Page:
Third, don't be afraid of globals. You're making a game by yourself, it's not a web application. I could give a long speech about what is a global, what is not a global, and what types of globals there are, but in short for this, the rules change according to what the program has to do and how many people are working on it.
Fourth, get a non-moving spec in place for what the battle system has to do before anything else. Once you're fine with what you have to make, start with the most abstract layers and lay them out, and work your way down through the abstraction until you're done.
Thanks for the comments everyone, further to the above I have now got the basic functions of the battle system working, though there are several things that need more work.
I do have an issue I think with having mixed up some elements of my update/state code and render/representation code and it would probably be a worthwhile exercise to go through separating this at some point - it started with the fact that before making a battle system I made a character animation engine - call the function and it checks if anyone on screen ought to be moving, or animated in any way, makes them move if necessary, checks what frame should be showing for each person and then draws them all.
I've then used this engine (including its built in animation queue for each character) as a key aspect of my combat system - but it is both updating locations and drawing which may have a been a mistake; I then had situations such as:
- I need the characters locations updated before doing X
- but I need to draw Y before I draw the characters...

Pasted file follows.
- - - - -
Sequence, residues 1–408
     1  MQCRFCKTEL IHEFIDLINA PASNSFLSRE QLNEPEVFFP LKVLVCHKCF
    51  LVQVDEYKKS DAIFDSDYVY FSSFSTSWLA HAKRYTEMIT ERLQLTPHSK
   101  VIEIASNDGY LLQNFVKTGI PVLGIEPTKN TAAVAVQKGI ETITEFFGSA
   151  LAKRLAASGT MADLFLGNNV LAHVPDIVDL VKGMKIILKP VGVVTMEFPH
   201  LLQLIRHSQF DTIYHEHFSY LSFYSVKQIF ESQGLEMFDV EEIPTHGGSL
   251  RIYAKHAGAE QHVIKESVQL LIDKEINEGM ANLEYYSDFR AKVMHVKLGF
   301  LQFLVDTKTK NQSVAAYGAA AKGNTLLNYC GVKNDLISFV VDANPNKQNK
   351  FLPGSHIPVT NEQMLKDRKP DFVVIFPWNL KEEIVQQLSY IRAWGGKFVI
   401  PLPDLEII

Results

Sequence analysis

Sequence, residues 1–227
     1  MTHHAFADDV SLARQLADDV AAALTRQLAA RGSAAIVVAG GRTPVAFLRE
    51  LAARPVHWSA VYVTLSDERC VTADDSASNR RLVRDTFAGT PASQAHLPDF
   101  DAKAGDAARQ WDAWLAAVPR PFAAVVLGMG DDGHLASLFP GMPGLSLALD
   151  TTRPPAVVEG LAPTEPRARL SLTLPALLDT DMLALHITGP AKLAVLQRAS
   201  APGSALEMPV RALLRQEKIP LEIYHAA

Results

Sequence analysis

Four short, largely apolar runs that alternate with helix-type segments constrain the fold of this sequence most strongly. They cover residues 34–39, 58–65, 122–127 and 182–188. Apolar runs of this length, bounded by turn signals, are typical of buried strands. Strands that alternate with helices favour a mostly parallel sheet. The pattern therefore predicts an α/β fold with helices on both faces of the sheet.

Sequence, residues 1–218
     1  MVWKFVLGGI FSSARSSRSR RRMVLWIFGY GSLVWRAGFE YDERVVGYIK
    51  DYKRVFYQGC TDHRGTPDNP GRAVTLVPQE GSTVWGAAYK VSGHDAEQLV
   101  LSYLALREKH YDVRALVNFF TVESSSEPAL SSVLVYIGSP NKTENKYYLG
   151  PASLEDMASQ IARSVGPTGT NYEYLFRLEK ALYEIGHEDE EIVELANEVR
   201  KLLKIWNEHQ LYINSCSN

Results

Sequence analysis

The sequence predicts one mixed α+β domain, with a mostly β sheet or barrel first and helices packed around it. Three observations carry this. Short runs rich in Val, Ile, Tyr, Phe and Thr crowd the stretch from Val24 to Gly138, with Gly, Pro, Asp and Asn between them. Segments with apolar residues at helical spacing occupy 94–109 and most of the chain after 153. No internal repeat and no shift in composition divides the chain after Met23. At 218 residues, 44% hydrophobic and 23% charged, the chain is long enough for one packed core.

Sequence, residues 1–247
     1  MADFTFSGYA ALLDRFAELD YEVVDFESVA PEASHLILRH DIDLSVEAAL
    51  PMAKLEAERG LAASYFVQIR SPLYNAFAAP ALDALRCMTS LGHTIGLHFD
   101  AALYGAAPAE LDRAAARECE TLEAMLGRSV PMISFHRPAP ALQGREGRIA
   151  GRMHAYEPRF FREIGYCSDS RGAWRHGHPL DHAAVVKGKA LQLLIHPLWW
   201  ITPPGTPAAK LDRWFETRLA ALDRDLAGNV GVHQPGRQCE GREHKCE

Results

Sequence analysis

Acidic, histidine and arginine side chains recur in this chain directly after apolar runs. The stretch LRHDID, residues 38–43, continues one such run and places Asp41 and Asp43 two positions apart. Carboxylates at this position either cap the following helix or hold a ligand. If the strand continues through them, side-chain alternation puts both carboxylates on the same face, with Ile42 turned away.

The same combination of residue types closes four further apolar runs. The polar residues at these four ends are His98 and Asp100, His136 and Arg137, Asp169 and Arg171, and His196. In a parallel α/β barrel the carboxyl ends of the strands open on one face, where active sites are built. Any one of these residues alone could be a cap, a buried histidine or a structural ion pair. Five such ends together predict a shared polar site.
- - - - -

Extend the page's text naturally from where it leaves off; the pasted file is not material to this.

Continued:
Additionally my menu code has one function to both update the menu and draw it; perhaps I should split this menu function and the character engine function each into two functions then perhaps I could make a more logical flow; I'm not sure if it will help or not though.
Actual functionality that's still needed:
1. accuracy and evasion stats need to do something...
2. techniques need to exist (at the moment it's "Attack" only)
3. the system needs to check if you've won or lost - I've not made any kind of victory/defeat handler - the only exit method is hitting escape
4. The AI needs to be a lot better...
This is an old topic, but I felt it was worthwhile to mention that there's a very good reason you're not supposed to update things in a render handler: the engine can skip it. Frameskip determination is done during flip processing, and if the engine determines the next frame needs to be skipped to make up for lost time, it won't run any rendering code that frame. Including your render script.
If you're doing updates based on time between frames then the skipping won't be a problem, but you then get other issues like jerky animations, drift due to floating point error, etc. plus the map engine itself is synced to the FPS and you can't avoid that.
Long story short, the engine for the most part guarantees you will get as many update calls per second as your FPS, so updates are 100% predictable. Renders are not.